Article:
IVF
New!

Weird TTC Terms -- Decoded

Definitions of all those confusing fertility terms you’re wondering about.

Photo: Thinkstock / The Bump

Amenorrhea

This is when a woman misses her period for three or four months in a row.

Aneuploidy

Aneuploidy is when there are an abnormal number of chromosomes in a cell. This could cause miscarriage or health problems in the baby.

Anti-Mullerian Hormone (AMH)

This protein gets your eggs ready to be released. If you get fertility testing, your doc may check your blood’s AMH levels to make sure your ovaries are still popping out eggs.

Assisted Reproductive Technology (ART)

Fertility treatments and procedures that involve surgically removing eggs and combining them with sperm (outside the body) to help you get pregnant are referred to as ART.

Azoospermia

This is a male fertility problem. It’s when his semen doesn’t contain any sperm.

Blastocyst

Once an egg is fertilized, it’s known as a blastocyst. It begins a development phase that ends when it implants into the uterine wall.

Cervical Mucus

Sorry, but this may sound gross. Cervical mucus is secreted from the cervix. It’s produced by the hormone estrogen in the first part of your monthly menstrual cycle. That’s why many TTCers check their discharge for signs of cervical mucus -- it clues them in on when they might ovulate.

Clomiphene Citrate

You might know this as Clomid. It’s a fertility drug that’s used to trigger the follicle-stimulating hormone (FSH), which can jump-start the ovulation process.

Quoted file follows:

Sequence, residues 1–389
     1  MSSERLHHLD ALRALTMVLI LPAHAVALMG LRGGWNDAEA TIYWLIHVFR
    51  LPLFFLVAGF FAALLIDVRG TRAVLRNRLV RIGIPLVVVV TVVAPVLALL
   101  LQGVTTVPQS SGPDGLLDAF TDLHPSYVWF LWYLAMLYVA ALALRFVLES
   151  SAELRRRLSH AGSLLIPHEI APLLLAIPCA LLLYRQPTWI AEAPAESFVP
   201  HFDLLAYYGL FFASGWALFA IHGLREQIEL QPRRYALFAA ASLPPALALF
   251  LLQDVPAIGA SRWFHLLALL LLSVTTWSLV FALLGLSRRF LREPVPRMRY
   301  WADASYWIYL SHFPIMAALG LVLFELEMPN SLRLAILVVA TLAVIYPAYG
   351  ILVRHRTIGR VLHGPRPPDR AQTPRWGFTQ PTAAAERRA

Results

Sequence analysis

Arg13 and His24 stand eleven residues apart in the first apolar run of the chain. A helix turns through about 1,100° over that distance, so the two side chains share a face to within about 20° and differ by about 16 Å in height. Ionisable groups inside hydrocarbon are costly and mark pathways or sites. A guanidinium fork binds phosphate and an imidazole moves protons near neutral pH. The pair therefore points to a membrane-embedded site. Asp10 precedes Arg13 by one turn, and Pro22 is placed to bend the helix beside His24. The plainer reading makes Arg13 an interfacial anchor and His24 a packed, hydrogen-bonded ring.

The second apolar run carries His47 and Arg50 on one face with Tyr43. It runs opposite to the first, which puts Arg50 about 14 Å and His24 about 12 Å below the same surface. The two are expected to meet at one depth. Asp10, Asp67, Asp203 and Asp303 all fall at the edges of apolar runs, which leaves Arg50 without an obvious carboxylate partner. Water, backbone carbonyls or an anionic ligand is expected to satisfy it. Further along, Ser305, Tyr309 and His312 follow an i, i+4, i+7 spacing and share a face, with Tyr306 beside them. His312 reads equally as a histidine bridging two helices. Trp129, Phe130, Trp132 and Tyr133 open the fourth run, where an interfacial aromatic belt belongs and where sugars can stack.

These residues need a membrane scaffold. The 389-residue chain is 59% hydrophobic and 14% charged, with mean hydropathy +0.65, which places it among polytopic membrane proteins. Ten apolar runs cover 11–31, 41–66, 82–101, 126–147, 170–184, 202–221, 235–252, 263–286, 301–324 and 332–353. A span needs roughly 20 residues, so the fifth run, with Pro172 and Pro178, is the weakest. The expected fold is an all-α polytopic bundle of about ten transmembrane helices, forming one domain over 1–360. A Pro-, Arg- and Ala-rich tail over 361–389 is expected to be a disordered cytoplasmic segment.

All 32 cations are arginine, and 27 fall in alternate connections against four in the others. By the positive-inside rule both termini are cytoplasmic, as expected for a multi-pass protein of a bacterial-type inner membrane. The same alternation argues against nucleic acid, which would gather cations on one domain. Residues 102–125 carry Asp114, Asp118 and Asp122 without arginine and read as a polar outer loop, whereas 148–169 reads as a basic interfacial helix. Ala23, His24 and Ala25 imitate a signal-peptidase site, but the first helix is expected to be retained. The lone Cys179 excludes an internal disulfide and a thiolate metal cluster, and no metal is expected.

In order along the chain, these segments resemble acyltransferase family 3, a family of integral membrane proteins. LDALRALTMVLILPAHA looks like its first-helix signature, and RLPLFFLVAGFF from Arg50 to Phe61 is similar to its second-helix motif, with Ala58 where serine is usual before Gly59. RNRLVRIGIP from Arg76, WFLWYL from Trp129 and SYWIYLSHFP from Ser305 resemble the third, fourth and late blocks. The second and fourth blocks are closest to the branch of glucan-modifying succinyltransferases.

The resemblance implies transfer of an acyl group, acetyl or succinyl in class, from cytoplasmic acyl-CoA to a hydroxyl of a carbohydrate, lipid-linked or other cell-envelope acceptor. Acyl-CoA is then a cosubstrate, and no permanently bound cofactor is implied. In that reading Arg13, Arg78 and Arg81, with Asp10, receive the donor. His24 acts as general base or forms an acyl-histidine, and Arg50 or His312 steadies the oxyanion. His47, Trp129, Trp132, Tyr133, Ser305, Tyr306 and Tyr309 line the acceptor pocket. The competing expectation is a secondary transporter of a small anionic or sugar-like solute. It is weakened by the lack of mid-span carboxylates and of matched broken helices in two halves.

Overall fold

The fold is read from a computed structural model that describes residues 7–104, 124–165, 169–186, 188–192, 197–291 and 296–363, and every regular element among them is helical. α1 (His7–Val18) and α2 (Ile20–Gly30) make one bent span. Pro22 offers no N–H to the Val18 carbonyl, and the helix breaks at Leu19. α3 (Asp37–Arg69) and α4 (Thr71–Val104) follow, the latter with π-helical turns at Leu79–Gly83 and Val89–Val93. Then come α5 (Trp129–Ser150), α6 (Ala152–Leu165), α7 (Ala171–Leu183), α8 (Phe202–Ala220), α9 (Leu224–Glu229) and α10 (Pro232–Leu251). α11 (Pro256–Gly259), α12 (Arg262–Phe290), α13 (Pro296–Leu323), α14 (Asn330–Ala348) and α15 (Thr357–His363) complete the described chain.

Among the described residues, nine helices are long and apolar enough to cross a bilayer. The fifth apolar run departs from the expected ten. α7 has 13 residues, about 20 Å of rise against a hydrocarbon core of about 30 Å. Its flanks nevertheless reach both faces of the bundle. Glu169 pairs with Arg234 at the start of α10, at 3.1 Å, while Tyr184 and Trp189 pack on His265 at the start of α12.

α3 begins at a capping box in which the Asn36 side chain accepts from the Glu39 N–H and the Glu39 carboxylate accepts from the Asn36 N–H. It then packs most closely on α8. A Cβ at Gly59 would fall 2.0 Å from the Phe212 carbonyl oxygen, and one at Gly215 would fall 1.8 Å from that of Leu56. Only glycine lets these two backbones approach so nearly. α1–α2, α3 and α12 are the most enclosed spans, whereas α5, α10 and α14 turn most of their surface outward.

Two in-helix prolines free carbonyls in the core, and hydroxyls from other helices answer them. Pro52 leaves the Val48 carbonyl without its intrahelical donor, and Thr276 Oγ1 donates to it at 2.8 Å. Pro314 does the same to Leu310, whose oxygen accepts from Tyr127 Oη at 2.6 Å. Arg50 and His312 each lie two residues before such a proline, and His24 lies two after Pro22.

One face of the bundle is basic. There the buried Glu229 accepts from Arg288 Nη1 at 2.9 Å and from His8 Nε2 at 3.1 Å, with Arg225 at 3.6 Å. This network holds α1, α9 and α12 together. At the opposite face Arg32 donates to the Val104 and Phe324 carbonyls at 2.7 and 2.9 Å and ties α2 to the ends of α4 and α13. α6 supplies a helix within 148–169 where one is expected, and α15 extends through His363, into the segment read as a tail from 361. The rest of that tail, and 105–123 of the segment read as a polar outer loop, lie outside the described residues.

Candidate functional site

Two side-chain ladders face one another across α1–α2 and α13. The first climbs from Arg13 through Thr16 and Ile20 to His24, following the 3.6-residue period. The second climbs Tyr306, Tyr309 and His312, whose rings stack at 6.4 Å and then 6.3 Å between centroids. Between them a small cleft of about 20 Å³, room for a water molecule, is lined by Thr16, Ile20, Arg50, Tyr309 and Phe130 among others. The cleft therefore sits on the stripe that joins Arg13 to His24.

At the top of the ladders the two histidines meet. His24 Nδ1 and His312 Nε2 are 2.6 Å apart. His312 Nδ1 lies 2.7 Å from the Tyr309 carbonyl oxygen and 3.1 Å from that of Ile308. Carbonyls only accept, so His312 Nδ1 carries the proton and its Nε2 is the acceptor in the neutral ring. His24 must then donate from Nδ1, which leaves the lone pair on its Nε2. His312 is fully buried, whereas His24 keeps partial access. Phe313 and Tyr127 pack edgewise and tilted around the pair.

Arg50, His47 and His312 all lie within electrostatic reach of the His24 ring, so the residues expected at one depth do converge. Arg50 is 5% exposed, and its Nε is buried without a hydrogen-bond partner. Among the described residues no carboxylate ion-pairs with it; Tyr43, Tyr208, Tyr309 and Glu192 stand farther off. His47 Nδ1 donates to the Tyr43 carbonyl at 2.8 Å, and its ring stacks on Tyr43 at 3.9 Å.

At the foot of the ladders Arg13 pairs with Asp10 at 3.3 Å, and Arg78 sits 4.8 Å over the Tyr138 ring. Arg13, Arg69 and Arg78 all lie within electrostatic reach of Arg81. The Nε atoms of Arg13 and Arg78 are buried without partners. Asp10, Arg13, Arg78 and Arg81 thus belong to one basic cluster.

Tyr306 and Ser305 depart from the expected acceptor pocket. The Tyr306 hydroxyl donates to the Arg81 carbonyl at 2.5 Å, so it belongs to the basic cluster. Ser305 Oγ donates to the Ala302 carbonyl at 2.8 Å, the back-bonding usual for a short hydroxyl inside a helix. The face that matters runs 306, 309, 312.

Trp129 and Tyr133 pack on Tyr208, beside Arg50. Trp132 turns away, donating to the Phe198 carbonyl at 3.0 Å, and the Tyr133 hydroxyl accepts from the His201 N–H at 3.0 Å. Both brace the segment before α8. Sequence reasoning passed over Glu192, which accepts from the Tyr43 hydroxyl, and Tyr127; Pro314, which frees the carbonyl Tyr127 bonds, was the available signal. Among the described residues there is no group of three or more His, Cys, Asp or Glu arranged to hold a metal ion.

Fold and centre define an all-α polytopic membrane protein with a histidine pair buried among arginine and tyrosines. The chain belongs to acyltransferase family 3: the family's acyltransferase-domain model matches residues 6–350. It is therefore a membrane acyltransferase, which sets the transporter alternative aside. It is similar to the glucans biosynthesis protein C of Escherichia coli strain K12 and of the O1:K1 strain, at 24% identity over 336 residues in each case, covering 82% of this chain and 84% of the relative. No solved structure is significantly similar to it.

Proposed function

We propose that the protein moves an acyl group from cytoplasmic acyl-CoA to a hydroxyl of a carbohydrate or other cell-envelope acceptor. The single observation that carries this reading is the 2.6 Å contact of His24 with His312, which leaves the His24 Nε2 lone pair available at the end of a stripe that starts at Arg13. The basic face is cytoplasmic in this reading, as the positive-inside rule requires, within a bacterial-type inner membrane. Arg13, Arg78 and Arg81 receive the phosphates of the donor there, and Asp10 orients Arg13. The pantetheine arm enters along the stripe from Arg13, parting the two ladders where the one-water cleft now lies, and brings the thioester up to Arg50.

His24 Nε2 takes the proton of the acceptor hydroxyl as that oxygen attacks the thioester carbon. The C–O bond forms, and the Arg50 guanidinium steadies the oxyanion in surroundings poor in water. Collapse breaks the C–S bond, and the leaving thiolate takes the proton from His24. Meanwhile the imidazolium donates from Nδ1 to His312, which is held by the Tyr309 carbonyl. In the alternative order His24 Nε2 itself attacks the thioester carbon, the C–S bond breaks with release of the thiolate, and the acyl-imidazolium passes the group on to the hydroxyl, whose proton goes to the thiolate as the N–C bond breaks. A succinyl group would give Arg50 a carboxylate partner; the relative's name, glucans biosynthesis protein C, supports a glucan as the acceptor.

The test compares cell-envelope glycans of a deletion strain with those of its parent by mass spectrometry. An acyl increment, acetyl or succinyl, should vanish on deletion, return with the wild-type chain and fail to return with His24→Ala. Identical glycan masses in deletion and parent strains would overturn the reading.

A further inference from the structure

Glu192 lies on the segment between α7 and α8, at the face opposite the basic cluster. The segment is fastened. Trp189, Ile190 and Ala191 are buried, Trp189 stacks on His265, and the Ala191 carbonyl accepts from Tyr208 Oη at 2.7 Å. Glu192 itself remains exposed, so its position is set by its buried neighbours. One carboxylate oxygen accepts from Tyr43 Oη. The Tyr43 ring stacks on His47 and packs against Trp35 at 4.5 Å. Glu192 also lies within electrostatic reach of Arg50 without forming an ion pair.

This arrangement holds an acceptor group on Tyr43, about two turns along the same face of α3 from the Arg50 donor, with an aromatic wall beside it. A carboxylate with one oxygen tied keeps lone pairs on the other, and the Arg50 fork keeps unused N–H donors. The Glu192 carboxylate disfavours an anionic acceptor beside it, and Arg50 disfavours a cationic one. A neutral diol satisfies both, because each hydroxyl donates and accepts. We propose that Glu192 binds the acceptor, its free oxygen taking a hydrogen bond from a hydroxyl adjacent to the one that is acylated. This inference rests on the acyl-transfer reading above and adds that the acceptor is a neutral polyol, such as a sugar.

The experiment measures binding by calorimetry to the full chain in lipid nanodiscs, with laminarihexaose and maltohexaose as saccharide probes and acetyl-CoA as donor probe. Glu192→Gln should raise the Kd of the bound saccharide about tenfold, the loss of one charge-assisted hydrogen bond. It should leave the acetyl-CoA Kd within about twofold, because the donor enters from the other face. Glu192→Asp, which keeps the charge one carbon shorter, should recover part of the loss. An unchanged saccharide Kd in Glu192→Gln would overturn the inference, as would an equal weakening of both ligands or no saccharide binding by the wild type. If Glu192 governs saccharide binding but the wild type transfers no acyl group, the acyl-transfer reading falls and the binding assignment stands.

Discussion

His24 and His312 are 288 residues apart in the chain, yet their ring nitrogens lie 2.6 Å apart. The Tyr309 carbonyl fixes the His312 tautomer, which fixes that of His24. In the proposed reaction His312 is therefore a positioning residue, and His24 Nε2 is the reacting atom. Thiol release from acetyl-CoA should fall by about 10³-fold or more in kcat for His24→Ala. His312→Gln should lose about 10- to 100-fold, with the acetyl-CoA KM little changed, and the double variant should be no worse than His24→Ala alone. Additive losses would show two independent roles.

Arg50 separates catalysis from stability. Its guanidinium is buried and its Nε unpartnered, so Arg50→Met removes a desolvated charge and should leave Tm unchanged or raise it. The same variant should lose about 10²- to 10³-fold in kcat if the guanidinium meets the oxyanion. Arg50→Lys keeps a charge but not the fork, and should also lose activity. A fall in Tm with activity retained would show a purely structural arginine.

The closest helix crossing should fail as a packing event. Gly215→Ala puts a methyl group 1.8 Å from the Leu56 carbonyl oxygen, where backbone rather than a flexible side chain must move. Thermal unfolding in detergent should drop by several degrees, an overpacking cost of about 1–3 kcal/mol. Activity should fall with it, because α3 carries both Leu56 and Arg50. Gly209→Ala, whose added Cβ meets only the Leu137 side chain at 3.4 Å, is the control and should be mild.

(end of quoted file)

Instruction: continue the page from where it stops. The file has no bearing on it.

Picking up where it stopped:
Egg Donation

In this fertility treatment, a woman who’s infertile uses donated eggs, taken from a fertile woman, to do an ART procedure.

Embryo

Once an egg has been fertilized and starts dividing, it becomes an embryo.

Embryo Donation

Sometimes, embryos (unused from other reproductive procedures) are donated to other women so they can try ART to get pregnant.

Endometriosis

In this health condition, tissue that’s normally inside the uterus grows in other places, such as on the fallopian tubes and ovaries. This can cause bleeding, scarring, pelvic pain and infertility.

Estrogen

This is the hormone in a woman’s body that makes her eggs mature and causes her endometrium to start thickening to prep for pregnancy.

Follicle-Stimulating Hormone (FSH)

This hormone is part of reproduction for both men and women. In men, it stimulates sperm production and keeps it going. In women, it matures egg follicles -- that's why having high levels of FSH could mean she has few eggs left and may have trouble conceiving. Fertility experts believe that FSH levels over 10 to 15 mIU/mL can be a sign of weakened fertility.